Zoeller said he will continue to defend that case in light of the Arizona ruling, but no brief has been filed in that matter because the case has been stayed.•

– Dave Stafford

Rehearings: Updates on issues previously reported in Indiana Lawyer. For copies of the original story, call our circulation department at 317-636-0200 with the title of the article and the issue date listed. Fee is $5 per story.
 

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  1. So that none are misinformed by my posting wihtout a non de plume here, please allow me to state that I am NOT an Indiana licensed attorney, although I am an Indiana resident approved to practice law and represent clients in Indiana's fed court of Nth Dist and before the 7th circuit. I remain licensed in KS, since 1996, no discipline. This must be clarified since the IN court records will reveal that I did sit for and pass the Indiana bar last February. Yet be not confused by the fact that I was so allowed to be tested .... I am not, to be clear in the service of my duty to be absolutely candid about this, I AM NOT a member of the Indiana bar, and might never be so licensed given my unrepented from errors of thought documented in this opinion, at fn2, which likely supports Mr Smith's initial post in this thread: http://caselaw.findlaw.com/us-7th-circuit/1592921.html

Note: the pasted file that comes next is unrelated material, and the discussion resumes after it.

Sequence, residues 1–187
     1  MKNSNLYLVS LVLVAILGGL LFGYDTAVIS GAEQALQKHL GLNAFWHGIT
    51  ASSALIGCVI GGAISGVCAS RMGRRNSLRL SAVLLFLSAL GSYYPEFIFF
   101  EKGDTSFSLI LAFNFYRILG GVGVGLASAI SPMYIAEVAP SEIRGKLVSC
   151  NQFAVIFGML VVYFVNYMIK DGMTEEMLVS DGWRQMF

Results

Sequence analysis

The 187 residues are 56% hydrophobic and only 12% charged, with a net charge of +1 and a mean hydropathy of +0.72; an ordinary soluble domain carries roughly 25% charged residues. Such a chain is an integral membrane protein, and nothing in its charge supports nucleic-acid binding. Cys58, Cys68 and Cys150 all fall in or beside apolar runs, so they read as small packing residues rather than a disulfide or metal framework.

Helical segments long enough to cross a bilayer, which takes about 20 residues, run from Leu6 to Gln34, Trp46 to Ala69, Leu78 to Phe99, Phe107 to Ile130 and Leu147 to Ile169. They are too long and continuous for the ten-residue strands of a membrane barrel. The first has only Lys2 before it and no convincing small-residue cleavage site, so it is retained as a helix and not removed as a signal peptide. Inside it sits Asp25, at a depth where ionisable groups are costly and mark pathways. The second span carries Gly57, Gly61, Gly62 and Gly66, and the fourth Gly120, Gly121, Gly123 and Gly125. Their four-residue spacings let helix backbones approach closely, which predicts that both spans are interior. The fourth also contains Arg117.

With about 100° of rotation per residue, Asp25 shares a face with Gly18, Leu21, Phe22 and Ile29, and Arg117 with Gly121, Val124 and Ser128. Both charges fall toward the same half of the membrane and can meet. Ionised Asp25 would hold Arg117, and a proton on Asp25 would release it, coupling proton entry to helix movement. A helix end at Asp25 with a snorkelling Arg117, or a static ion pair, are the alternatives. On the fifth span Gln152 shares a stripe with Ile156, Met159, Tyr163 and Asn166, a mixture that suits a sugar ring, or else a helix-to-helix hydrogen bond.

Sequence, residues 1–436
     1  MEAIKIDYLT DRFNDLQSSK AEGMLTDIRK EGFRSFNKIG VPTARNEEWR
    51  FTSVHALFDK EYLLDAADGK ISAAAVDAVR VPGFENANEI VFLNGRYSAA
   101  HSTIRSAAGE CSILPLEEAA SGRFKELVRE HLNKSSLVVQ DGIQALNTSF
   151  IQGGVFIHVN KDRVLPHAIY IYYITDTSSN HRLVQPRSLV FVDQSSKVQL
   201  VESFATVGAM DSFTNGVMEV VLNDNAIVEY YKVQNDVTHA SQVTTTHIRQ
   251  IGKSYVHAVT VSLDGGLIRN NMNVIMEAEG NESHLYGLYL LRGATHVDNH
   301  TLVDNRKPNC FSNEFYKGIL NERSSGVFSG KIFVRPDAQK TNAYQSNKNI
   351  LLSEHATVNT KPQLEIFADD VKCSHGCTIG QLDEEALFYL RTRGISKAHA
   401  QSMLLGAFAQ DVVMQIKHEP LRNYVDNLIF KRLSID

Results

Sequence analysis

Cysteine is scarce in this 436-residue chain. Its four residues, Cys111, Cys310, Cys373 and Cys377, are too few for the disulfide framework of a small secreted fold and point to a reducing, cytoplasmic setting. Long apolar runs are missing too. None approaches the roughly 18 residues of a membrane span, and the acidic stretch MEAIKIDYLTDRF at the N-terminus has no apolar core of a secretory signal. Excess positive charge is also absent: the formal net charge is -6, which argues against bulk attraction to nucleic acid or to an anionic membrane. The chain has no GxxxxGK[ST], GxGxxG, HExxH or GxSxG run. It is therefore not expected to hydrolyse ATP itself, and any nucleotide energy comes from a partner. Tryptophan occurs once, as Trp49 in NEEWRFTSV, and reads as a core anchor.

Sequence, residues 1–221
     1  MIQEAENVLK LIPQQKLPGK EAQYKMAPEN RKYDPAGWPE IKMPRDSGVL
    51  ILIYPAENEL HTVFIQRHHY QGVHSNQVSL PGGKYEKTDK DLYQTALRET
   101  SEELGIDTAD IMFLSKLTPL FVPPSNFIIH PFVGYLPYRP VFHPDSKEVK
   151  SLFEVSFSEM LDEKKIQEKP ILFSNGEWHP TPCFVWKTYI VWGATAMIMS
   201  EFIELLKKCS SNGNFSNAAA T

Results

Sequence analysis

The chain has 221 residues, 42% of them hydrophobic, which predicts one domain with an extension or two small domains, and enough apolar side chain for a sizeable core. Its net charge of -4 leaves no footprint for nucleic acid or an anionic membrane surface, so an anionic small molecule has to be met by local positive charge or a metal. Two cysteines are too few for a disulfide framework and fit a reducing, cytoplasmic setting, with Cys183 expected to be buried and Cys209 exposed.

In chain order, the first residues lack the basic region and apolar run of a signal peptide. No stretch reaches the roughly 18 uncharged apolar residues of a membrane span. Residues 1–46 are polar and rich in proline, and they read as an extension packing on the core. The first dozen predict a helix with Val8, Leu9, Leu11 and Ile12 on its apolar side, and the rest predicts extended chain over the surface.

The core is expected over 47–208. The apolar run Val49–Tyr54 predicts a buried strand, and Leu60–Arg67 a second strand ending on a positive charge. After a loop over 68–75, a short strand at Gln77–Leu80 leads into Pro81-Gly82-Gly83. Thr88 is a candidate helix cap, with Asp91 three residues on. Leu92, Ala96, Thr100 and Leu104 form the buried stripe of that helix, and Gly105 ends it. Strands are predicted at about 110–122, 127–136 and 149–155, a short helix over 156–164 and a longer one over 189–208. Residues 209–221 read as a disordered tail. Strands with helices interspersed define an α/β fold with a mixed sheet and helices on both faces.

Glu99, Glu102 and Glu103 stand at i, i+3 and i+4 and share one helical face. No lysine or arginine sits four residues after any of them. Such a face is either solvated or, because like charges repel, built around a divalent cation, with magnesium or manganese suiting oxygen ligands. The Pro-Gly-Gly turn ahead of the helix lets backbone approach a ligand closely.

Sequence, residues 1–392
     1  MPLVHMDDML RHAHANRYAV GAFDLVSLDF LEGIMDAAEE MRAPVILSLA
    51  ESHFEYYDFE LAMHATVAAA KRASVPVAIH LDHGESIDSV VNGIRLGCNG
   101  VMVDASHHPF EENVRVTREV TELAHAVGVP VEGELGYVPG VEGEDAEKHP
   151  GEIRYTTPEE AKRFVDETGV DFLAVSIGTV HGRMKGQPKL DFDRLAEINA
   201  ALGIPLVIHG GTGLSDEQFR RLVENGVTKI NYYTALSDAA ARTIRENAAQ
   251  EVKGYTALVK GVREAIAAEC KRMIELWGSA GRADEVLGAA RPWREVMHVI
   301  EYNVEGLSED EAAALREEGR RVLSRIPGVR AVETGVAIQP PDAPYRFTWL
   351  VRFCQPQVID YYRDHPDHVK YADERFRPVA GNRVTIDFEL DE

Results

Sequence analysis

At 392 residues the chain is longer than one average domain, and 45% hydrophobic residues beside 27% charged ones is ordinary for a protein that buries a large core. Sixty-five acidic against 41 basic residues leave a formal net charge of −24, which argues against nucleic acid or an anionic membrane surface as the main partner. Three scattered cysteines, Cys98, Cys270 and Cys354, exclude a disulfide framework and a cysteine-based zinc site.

2. When I served the State of Kansas as Deputy AG over Consumer Protection & Antitrust for four years, supervising 20 special agents and assistant attorneys general (back before the IBLE denied me the right to practice law in Indiana for not having the right stuff and pretty much crushed my legal career) we had a saying around the office: Resist the lure of the ring!!! It was a take off on Tolkiem, the idea that absolute power (I signed investigative subpoenas as a judge would in many other contexts, no need to show probable cause)could corrupt absolutely. We feared that we would overreach constitutional limits if not reminded, over and over, to be mindful to not do so. Our approach in so challenging one another was Madisonian, as the following quotes from the Father of our Constitution reveal: The essence of Government is power; and power, lodged as it must be in human hands, will ever be liable to abuse. We are right to take alarm at the first experiment upon our liberties. I believe there are more instances of the abridgement of freedom of the people by gradual and silent encroachments by those in power than by violent and sudden usurpations. Liberty may be endangered by the abuse of liberty, but also by the abuse of power. All men having power ought to be mistrusted. -- James Madison, Federalist Papers and other sources: http://www.constitution.org/jm/jm_quotes.htm RESIST THE LURE OF THE RING ALL YE WITH POLITICAL OR JUDICIAL POWER!